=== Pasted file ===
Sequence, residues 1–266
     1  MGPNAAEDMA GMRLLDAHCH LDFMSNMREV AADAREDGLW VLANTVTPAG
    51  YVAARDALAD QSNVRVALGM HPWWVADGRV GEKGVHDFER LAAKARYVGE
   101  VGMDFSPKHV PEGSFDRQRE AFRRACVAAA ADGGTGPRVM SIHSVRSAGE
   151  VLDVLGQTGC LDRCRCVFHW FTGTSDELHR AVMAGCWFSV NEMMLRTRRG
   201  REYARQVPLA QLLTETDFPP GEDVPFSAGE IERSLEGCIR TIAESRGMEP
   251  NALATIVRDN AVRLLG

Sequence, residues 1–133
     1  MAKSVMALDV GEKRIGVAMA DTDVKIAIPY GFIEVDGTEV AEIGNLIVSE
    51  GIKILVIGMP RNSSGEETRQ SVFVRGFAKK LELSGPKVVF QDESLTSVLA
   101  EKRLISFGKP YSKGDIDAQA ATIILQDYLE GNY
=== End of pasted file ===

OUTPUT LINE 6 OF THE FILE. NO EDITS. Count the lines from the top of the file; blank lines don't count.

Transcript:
   201  REYARQVPLA QLLTETDFPP GEDVPFSAGE IERSLEGCIR TIAESRGMEP